Inheritance in Germany – erbengemeinschaft

Bartłomiej Tyndyk

Inheritance in Germany – erbengemeinschaft

Erbengemeinschaft is a concept known under German inheritance law. It means nothing else but compulsory joint inheritance. This happens very often in practice when the inheritance is divided among at least two heirs. They are bound by a community ex lege, that is, by operation of law. Problems arise primarily when the inherited property is a car or real estate because it is difficult to reconcile the use of one thing by two or more people.

In today’s article, we have addressed the issue of compulsory joint inheritance in German inheritance law. Both Erbengemeinschaft and other institutions of German inheritance law are regulated by the German Civil Code, Bürgerliches Gesetzbuch.

Inheritance in Germany – Erbengemeinschaft and Its Main Consequences

According to German inheritance law, Erbengemeinschaft is a type of compulsory joint inheritance that arises independently of the will of the heirs. The manner in which inheritance occurs is entirely irrelevant. It does not matter whether the inheritance is based on statutory law, a will, or an inheritance agreement. At the same time, Erbengemeinschaft significantly restricts the heirs’ freedom – until the final division of the inheritance, they are only entitled to jointly manage the estate.

Importantly, regardless of the size of their shares in the inheritance, each of the co-heirs has, in principle, the same rights and obligations towards the others. The inheritance as a whole is the property of each of them, which means that for actions beyond the scope of ordinary management, the consent of all co-heirs is necessary. On the other hand, current inheritance law in Germany allows each heir to demand the dissolution of the joint inheritance.

Inheritance in Germany – Liability of Co-Heirs

According to German inheritance law (§ 2058 Bürgerliches Gesetzbuch), co-heirs bear joint and several liability for the common obligations of the joint inheritance. This means that a creditor can demand satisfaction of their claims in two ways:

a) by suing one of the co-heirs (so-called joint and several action);
b) by bringing an action against all co-heirs (so-called joint action).

The choice of the method by which the creditor will enforce their claims depends solely on their will. They can, therefore, use both joint and joint actions.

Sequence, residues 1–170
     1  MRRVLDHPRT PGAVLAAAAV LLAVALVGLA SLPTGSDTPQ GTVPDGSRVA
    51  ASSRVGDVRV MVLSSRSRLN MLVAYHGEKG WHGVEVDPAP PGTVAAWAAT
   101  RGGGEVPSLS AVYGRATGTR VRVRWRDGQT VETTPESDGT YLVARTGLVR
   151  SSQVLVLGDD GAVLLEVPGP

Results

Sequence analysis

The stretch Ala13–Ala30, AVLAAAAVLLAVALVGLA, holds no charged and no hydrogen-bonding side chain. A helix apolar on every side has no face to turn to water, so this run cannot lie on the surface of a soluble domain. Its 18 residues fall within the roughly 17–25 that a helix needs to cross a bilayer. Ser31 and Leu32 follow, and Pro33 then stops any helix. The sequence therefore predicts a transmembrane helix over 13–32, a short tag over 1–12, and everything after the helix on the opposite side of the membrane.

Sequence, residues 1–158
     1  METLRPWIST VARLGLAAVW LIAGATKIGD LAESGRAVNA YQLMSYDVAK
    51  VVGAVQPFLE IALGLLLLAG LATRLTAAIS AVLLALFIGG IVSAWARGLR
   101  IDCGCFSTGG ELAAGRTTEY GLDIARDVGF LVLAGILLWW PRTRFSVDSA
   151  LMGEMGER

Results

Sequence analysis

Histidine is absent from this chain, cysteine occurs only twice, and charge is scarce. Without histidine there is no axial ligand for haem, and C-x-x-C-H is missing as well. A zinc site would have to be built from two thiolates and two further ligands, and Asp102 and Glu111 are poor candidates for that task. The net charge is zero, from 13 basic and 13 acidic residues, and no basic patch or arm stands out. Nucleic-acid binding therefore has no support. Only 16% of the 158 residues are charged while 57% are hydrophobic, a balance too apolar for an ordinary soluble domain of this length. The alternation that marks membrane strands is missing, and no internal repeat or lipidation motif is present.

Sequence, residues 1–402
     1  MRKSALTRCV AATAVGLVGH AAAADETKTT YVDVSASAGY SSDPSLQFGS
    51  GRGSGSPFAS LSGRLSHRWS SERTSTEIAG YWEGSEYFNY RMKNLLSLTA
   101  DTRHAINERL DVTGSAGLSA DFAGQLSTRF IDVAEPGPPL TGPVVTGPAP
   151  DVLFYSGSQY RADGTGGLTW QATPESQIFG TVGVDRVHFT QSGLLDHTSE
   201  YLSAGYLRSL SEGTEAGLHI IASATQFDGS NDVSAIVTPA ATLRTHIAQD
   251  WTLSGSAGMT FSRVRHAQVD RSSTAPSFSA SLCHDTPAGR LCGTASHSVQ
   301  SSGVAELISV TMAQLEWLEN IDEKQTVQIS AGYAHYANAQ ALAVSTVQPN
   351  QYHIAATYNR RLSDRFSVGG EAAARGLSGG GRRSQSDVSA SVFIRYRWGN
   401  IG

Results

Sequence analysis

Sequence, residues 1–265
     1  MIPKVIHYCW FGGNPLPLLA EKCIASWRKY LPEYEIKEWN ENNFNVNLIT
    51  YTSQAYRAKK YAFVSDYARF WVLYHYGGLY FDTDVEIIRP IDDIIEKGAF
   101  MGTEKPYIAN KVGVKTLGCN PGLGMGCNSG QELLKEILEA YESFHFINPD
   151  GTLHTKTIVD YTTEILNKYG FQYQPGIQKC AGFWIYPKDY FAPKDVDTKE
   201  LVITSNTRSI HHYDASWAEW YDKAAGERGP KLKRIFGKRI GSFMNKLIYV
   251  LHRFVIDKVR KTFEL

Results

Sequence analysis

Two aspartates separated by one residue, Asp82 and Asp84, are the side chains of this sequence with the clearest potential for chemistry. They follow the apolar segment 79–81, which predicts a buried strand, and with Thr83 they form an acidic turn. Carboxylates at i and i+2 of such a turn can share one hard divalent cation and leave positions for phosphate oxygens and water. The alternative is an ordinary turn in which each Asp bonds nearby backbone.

Sale of Shares to a Third Party

Under § 2034 of the German Civil Code, each co-heir is entitled to sell their share to a third party. However, due to the need to secure the inheritance rights owed to the remaining co-heirs, German inheritance law grants co-heirs the right of first refusal. The deadline for exercising the right of first refusal is 2 months.

By selling their share, a co-heir can even, against the will of the other co-heirs, withdraw from the compulsory joint inheritance. Importantly, according to the provisions of German inheritance law, an heir who wants to sell their inheritance is obliged to conclude an agreement in the form of a notarial deed. This is directly stated in § 2371 of the German Civil Code. If a co-heir does not comply with this requirement, the contract for the sale of the inheritance concluded with a third party is invalid and therefore has no legal effect.

Resolving Disputes Among Co-Heirs

Sharing the same property among several people is often a source of conflicts and differences of opinion. Although each co-owner has the right of ownership, it is significantly restricted due to the identical rights of the other co-owners. This is why disputes often arise among them. The question then arises of how to resolve them when co-owners (co-heirs) are not willing to compromise.

In such situations, one of the options provided directly in German inheritance law is to apply to the court for a binding decision. An alternative solution that does not require the involvement of the state apparatus is to use the services of an independent mediator. Such out-of-court dispute resolution has its significant advantages – it provides the parties with greater privacy.

Inheritance in Germany – Legal Services by Lawyer in Europe

Have you been called to inherit in Germany and are afraid that you won’t be able to meet all the formal requirements? Nothing could be further from the truth! At the law firm Lawyer in Europe, we deal with cases of foreign inheritance law entrusted to us by our clients on a daily basis. Thanks to our many years of practice, we have handled numerous inheritance cases in Germany. Therefore, German inheritance law holds no secrets from us. Lawyers from Lawyer in Europe will be more than happy to assist you in any inheritance matter.

If you need professional legal advice, please feel free to contact our law firm. Using the services of our lawyers guarantees your safety and the proper protection of your interests.



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